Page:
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    The Wedding Officer (Hardback) By (author) Anthony Capella

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    DescriptionNaive and already war-weary, James Gouding takes up a position in Naples in 1943. What he doesn't anticipate is that this involves a limited menu of fried Spam fritters and interrogating the would-be Italian fiancees of members of the armed forces. James's chance at true heroism arrives when a German tank is sighted and he is caught in its path. However, it is the imperious and dogmatic Livia who opens the hatch and yells at him to stop being such an idiot. Livia gladly becomes cook, translator and general factotum to James. The two begin to fall in love, but the eruption of Vesuvius triggers a chain of explosive events that will force the two to flee behind enemy lines and will alter their lives immeasurably.


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  • Full bibliographic data for The Wedding Officer

    Title
    The Wedding Officer
    Authors and contributors
    By (author) Anthony Capella
    Physical properties
    Format: Hardback
    Number of pages: 352
    Width: 153 mm
    Height: 234 mm
    ISBN
    ISBN 13: 9780316730945
    ISBN 10: 0316730947
    Classifications

    BIC E4L: ADV
    BIC subject category V2: FJMS
    LC subject heading:
    Nielsen BookScan Product Class 3: F2.7
    DC22: 823.92
    LC subject heading: ,
    BISAC V2.8: FIC000000
    Publisher
    Little, Brown Book Group
    Imprint name
    Little, Brown Book Group
    Publication date
    06 April 2006
    Publication City/Country
    London
    Author Information
    Anthony Capella spends part of each year travelling in Italy. He is based in London and this is his second novel.
    Review quote
    'Full of the same colour and verve as Capella's THE FOOD OF LOVE, this story also blends romance with gourmet delights' GOOD HOUSEKEEPING 'THE WEDDING OFFICER resembles a cross between CAPTAIN CORELLI'S MANDOLIN and CHOCOLAT, while remaining a charming and powerful fiction in its own right' Michael Arditti 'This is an engaging tale. It brims with fascinating historical detail, an infectious enthusiasm for southern Italy and its cuisine and is an undemanding and sympathetic love story' SUNDAY TIMES 'Spicy, funny, delicious and sexy, this is the perfect holiday book' EVENING HERALD 'This Neapolitan romance rumbles with erotic expectation . . . A deftly composed slice of gastro-escapism' INDEPENDENT 'This is one of those unashamedly feel-good stories that begs to be read in the sun...' THE TIMES 'Capella's lightness of touch...conjures comedy set-ups with the delightful anticipation and resolution of any Marx Brothers classic.' SUNDAY EXPRESS 'Idiosyncratic tale well told.' DAILY IRELAND 'Lust and luscious food in wartime Naples . . . I was gripped' Kate Harrison, Red magazine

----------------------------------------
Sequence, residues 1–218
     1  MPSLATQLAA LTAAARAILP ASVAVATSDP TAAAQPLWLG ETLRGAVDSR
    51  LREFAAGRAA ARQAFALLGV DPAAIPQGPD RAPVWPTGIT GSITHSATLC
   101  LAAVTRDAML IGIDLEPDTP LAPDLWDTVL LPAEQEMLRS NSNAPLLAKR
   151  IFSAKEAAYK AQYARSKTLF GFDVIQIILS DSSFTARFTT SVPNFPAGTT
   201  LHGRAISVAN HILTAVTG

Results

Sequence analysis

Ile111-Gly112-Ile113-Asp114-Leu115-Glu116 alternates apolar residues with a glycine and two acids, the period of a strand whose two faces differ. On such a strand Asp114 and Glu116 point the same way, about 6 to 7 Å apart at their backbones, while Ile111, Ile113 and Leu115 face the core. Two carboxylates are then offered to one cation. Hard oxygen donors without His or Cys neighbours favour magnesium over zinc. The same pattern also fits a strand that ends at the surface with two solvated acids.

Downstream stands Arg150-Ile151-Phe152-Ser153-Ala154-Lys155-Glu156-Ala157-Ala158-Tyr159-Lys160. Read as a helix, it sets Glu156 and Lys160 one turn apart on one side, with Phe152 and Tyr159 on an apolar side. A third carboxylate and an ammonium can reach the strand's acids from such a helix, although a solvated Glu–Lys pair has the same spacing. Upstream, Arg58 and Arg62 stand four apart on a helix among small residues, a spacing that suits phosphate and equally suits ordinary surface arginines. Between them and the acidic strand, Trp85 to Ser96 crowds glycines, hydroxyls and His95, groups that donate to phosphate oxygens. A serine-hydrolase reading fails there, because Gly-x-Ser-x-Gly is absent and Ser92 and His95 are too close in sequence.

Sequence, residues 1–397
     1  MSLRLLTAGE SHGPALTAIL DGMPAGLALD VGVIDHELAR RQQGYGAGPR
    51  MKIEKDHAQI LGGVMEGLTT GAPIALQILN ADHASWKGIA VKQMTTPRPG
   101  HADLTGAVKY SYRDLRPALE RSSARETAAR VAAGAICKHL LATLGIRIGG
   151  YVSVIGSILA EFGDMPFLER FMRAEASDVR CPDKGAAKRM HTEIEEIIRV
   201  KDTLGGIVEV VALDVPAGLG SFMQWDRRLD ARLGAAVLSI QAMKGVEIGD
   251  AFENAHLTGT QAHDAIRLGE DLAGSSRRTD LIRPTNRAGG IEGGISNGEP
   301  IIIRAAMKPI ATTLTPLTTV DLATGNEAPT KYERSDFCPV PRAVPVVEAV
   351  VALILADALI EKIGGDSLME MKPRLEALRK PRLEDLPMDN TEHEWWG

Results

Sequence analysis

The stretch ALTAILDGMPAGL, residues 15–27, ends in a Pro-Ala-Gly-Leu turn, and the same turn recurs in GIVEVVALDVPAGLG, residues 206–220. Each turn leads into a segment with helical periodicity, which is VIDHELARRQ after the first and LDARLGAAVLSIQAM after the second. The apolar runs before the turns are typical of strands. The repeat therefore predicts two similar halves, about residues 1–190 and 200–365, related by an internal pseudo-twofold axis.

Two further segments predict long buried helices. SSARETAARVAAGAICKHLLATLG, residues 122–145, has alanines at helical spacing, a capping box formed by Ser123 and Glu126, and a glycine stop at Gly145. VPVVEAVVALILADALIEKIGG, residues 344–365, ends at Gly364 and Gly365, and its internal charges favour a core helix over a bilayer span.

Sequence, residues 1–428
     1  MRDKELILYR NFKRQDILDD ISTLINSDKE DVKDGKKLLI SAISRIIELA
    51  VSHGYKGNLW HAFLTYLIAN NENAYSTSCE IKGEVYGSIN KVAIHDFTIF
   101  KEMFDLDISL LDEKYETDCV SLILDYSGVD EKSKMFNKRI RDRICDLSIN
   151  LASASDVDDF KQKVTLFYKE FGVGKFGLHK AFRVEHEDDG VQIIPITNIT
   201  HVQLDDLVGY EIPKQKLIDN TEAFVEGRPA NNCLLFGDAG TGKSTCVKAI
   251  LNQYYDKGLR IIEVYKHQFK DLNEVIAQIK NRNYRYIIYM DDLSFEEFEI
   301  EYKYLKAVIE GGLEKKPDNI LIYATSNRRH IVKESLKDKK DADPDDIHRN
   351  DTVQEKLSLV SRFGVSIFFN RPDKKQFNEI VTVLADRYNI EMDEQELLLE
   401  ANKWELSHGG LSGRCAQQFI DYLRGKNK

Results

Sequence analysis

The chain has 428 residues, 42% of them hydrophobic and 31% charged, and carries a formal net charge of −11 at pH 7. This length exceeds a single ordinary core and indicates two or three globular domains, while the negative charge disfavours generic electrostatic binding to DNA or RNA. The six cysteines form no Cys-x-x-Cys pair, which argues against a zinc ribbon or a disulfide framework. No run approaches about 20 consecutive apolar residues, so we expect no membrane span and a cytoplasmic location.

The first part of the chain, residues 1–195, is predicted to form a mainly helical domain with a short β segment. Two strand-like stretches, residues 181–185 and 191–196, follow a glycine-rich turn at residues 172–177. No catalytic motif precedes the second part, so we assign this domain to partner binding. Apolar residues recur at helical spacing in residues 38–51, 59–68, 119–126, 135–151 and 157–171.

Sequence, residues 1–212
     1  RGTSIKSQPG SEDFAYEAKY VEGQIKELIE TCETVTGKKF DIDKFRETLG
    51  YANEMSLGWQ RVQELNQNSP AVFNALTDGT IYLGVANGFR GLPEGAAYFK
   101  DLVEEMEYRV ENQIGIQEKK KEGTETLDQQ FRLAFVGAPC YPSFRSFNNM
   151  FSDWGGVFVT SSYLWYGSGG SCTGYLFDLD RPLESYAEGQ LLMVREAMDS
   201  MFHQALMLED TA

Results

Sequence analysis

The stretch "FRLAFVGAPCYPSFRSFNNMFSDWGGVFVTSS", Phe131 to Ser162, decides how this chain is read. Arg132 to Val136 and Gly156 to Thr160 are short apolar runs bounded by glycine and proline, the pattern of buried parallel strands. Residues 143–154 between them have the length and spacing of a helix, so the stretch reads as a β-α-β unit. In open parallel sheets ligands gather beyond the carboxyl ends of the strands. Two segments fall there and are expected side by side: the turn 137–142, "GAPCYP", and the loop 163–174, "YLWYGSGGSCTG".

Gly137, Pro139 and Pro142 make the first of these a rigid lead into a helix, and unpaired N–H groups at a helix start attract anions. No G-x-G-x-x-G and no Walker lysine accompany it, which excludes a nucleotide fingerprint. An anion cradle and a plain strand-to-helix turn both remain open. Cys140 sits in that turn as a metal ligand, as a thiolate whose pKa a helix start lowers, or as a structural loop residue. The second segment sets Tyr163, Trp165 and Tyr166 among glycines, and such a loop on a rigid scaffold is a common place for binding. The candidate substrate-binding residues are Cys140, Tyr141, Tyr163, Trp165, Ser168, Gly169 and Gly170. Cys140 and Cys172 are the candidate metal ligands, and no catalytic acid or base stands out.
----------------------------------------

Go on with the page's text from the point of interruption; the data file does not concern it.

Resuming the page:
Review text
    Capella (The Food of Love, 2004) again mingles amore with alimenti in this tale of a British officer who develops an appetite for all things Italian.In February 1944, Captain James Gould is sent to Naples to enforce an army policy discouraging British soldiers from marrying Italian natives. The inexperienced officer is quickly put on the offensive when confronted with bribes and brides. James clamps down on the black market and takes a hard line when dealing with locals. They devise a ploy to soften his governance by attacking his taste buds: "A man who has eaten well - he's at peace with the world he wants other people to be happy." So the black marketers place beautiful and talented cook Livia Pertini in James's kitchen. He tries to resist (it's career suicide, after all), but soon the young officer is under her spell. James reverses his stance and starts approving batches of marriage applications; he even aids the locals as they attempt to reopen businesses. Livia is standoffish at first - she's a recent widow, and the Allies treated her family vilely - but eventually she succumbs to James's clumsy seductions. Capella does a capable job capturing the essence of war-torn Italy, but his prose becomes transcendent when he pours his heart into telling the story of Italian food. Readers will appreciate the recipes for sugo (a basic tomato sauce) and other classic Italian dishes; even the most fastidious dieter may consider a pasta binge. Disappointingly, the love story isn't as appetizing as Livia's fettuccine al limone. An overwrought romance spoils a lovely feast for the senses. (Kirkus Reviews)